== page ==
Saturday, October 01, 2022

Protect the valley's long-standing ag heritage

by Matt Gebhardt
| September 6, 2020 12:00 AM

“It's tough to make predictions, especially about the future…”

But maybe not as tough as Yogi Berra made it sound. Growing up in the Flathead it never occurred to me that the farms around ours would ever be anything but that: farms. Having been away for many years and returning home when circumstances might permit it became quickly obvious and a little concerning that the landscape of the Flathead was evolving and not in all ways good.

A 77-house development is being proposed off Columbia Falls Stage near Highway 35. “Rolling Acres” is a pleasing, harmonious, and melodic name for something that, both above and below the surface, is none of these things.

With less serenity then its name suggests, this new “little town” is poised to be unceremoniously plopped squarely in the midst of existing farms and woodlands. Further, being centered between two large conservation easements it is fully out of character with its surroundings. Throw in traffic, septic, water, wildlife, stressed fire and school districts, and the loss of rich farm land and it’s hard not to be concerned about what’s being proposed.

The NRCS states 1% of the ag-land in the Flathead is considered “Prime” (irrigated) or “prime” (dry). This proposal takes 113 acres of farm land out of production with 88 of those acres coming out of the best 1% the Flathead has left to offer. Are we sure, really sure, that houses are the best crop, (and the last crop), that should be planted here?

As the inventory of premium ag-ground continues to decline so too does an important diversity to our economy and our ability to be self-sufficient. For example, Center Street used to have the grain elevators in Kalispell. These are no longer in use but have been replaced by new CHS granaries off the Strip roughly behind Pacific Hide and Steel which affords better access to both farmers and the rail. With the loss of just this one farm, CHS may want to plan for how they’ll fill the void created when the roughly 8000 bushels of wheat that should have come from this farm won’t be delivered there this year. Or any future year for that matter.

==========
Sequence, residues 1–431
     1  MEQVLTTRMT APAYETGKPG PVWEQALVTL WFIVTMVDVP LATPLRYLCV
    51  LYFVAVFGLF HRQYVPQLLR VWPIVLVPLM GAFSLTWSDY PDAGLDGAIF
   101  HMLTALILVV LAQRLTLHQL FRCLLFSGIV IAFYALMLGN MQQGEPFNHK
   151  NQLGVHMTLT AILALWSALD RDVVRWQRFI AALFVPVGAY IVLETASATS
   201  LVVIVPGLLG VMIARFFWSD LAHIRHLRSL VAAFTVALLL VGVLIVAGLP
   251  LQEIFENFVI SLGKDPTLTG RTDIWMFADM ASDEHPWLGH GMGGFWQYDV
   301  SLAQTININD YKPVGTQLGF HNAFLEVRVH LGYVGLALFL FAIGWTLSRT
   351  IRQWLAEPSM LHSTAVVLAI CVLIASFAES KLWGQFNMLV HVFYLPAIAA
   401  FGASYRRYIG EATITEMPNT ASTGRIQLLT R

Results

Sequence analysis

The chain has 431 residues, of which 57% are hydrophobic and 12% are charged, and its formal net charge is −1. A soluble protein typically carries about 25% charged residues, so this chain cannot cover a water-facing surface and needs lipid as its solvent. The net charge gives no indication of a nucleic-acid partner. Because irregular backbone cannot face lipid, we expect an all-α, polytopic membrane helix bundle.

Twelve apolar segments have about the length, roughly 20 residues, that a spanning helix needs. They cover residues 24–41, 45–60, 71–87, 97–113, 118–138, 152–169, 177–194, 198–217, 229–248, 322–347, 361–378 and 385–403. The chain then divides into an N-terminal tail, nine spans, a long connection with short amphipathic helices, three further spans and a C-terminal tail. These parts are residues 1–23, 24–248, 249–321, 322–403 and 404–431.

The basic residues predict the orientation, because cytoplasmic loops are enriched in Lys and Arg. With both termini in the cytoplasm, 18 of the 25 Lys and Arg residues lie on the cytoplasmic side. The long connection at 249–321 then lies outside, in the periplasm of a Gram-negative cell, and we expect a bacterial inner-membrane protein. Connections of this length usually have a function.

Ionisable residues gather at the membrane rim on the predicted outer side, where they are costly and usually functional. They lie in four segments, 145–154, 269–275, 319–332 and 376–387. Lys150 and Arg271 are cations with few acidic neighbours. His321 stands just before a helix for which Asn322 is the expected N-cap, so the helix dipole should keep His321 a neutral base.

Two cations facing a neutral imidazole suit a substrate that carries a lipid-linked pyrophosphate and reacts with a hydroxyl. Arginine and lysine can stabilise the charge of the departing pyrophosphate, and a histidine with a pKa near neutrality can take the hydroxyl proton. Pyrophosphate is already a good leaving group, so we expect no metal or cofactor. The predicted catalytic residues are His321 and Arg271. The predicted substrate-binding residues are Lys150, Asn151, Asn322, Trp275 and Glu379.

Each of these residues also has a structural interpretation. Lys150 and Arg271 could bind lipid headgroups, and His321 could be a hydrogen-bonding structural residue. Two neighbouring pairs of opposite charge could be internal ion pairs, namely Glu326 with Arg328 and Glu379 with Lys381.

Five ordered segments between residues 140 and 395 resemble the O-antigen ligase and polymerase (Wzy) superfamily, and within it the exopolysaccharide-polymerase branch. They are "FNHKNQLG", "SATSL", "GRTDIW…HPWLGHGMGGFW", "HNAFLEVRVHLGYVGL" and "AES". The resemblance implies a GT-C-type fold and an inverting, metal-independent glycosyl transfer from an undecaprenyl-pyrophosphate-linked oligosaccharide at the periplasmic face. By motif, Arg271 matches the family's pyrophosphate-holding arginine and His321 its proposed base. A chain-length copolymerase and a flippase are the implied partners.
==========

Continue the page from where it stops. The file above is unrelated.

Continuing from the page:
I am not a farmer and don’t profess to be but it doesn’t in any way sway my principals of land conservation and stewardship held dear by our family and most of our neighbors. Considering all the above it’s appropriate to proffer the question if this project should be that gold standard we will emulate in the name of responsible development?

Sound policies must consider items like the long-standing agricultural heritage, the communities ag feeds, and ag’s economic contributions to the Valley and world. Sober reflection should be directed toward preserving, not removing, the best we have left for future generations.

If we fail to give these considerations their due, I think we will find it easy to predict our future.

—Matt Gebhardt lives off Columbia Falls Stage

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